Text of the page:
Article

Yvonne L. Hughes

lawyer, jurist, and champion bridge player, was born in Vauxhall, New Jersey, the daughter of Myra Lyle Smith, a physician and antipoverty director, and Robert Freeman Kearse, a local postmaster. Kearse's parents encouraged her to develop her substantial intellectual skills, and were the catalyst for her dreams of becoming a lawyer and, later, a public servant. Profiled by Ebony in 1966, Kearse revealed that her legal aspirations began in childhood. “I became an attorney,” she stated, “because I once wanted [as a child] to be an FBI agent.” “My father always wanted to be a lawyer,” Kearse told the New York Times in 1979 The Depression had a lot to do with why he didn t I got a lot of encouragement Kearse s mother hoped her daughter would pursue a career in medicine But I couldn t Kearse explained I was too ...

Article

Gregory Travis Bond

athlete, lawyer, soldier, and civil servant, was born in Washington, D.C., to Alexander Marshall, an employee of the Treasury Department, and Leatha Marshall, a homemaker. He attended the M Street High School, then prepped for a year at New Hampshire's Phillips Exeter Academy, where he was editor-in-chief of the Phillips Exeter Literary Monthly and a member of the track team. In 1893 he entered Harvard and immediately joined the Crimson track squad, on which he represented the college for four consecutive seasons, specializing in the 440-meter and quarter-mile runs. In 1894 he finished third in the quarter-mile at the Inter-Collegiate Amateur Athletic Association of America national championships. He competed for three more seasons and became the school's second black varsity athlete behind the football player William Henry Lewis Marshall was also an active member of the Harvard Union debating club and was well ...

Article

Michael C. Miller

football player, was born Melvin Lacy Elisha Renfro in Houston, Texas. When Mel was four his family moved to Portland, Oregon. He attended Jefferson High School, where he excelled as a football player, playing offense (quarterback and running back), defense (defensive back), and special teams (kick and punt returner). Renfro led Jefferson to thirty-four consecutive victories, including three state championships. The only loss he suffered was the state championship his senior year. He graduated high school in 1960.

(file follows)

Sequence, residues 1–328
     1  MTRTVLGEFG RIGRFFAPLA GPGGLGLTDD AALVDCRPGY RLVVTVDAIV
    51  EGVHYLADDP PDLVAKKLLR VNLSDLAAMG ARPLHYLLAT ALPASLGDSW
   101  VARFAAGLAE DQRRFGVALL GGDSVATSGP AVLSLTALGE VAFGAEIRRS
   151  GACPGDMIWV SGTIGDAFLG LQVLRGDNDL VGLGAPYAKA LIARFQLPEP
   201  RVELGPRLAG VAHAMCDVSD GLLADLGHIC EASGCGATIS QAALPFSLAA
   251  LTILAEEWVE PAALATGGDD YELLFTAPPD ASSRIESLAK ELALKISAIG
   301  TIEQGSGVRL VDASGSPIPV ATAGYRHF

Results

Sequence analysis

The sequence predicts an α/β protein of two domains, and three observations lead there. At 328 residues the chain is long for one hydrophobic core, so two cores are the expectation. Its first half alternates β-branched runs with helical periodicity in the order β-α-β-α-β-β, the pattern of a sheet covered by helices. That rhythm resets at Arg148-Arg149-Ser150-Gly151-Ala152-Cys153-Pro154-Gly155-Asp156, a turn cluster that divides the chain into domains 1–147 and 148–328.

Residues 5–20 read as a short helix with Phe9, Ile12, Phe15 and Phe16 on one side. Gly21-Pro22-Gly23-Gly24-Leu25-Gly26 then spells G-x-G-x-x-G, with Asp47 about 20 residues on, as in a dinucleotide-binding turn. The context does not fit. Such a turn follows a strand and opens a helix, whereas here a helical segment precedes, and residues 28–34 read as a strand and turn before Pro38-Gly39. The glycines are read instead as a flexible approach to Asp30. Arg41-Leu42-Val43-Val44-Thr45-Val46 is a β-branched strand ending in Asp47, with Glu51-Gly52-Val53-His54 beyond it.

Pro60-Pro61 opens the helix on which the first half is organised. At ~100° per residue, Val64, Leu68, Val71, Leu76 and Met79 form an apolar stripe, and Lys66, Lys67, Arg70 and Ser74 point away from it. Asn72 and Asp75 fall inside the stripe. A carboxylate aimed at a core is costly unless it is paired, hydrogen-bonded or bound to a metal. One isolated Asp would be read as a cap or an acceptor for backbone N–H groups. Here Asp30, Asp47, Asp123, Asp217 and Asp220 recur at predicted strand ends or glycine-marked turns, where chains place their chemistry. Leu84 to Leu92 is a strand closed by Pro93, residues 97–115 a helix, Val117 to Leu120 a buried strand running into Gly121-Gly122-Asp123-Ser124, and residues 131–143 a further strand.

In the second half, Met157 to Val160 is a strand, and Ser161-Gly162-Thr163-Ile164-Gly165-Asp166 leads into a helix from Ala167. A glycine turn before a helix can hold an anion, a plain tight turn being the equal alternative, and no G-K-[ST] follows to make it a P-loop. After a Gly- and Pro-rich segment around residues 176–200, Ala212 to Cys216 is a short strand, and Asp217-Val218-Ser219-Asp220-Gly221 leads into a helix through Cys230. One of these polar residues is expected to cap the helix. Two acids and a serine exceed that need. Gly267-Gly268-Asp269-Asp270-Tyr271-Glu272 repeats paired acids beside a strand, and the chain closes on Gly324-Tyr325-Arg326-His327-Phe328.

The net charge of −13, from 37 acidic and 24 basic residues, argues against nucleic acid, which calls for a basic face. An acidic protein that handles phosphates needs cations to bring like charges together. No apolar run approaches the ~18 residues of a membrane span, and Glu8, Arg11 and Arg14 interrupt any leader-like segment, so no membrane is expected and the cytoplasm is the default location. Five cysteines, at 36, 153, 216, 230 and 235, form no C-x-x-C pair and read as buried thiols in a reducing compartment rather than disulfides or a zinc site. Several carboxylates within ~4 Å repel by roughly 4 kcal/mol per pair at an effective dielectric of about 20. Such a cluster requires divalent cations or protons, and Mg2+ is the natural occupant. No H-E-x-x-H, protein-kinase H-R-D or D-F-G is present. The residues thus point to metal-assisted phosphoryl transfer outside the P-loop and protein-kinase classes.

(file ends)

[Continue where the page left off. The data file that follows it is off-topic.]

Renfro attended Oregon University where he ran track and played football becoming one of the best players in the school s history As in high school he played offense defense and special teams For his career he amassed 1 540 rushing yards averaging 5 5 yards per carry and twenty three touchdowns On defense he played safety and once recorded an astounding twenty one tackles in a game against Ohio ...

Article

John M. Carroll

football player and judge, was born Frederick Wayman Slater in Normal, Illinois, the son of the Reverend George W. Slater Jr. and Letha Jones. As a minister in the African Methodist Episcopal (AME) Church, Slater's father moved around so frequently that as a boy he was left to live for long periods with his grandparents in Chicago. During these visits he played “prairie” football, a pick-up form of the game, at Racine Avenue and Sixty-first Street, the neighborhood from which would spring his future team, the Chicago Cardinals. His old friends speculated that Slater received his nickname because of a mongrel dog named Duke, which he owned as a boy.

In 1913 his father accepted a position in Clinton Iowa where Slater attended high school and played football When he asked his parents to buy him a helmet and a pair of football shoes neither of ...

Article

John M. Carroll

Slater, Duke (19 December 1898–15 August 1966), football player and judge, was born Frederick Wayman Slater in Normal, Illinois, the son of the Reverend George W. Slater, Jr., and Letha Jones. As a minister in the African Methodist Episcopal church, Slater’s father moved around so frequently that as a boy he was left to live for long periods with his grandparents in Chicago. During these visits he recalled playing “prairie” football, a pick-up form of the game, at Racine Avenue and Sixty-first Street, the neighborhood from which would spring his future team, the Chicago Cardinals. His old friends speculated that Slater received his nickname because of a mongrel dog named Duke, which he owned as a boy.

In 1913 his father accepted a position in Clinton Iowa where Slater attended high school and played football When he asked his parents to buy him a helmet and a ...

Article

Leslie Heywood

Olympian in track and field and professional bowler, was born in Malden, Massachusetts, the eldest of six children of William Stokes, a gardener, and Mary Wesley, a domestic worker. Stokes began her running career during her time at Beebe Junior High in Malden when one of her basketball teammates suggested, because of her speed, that she join the local Onteora Track Club, sponsored by William H. Quaine, Malden's park commissioner. At the club, she soon began to excel in the sprints and jumping events.

At Malden High School where she also played basketball Louise repeatedly set records in track She was awarded the James Michael Curley Cup as a junior for outstanding track performance of the year She set the New England record in the 100 meters and tied the world record in the standing broad jump jumping eight feet five and three quarter inches She ...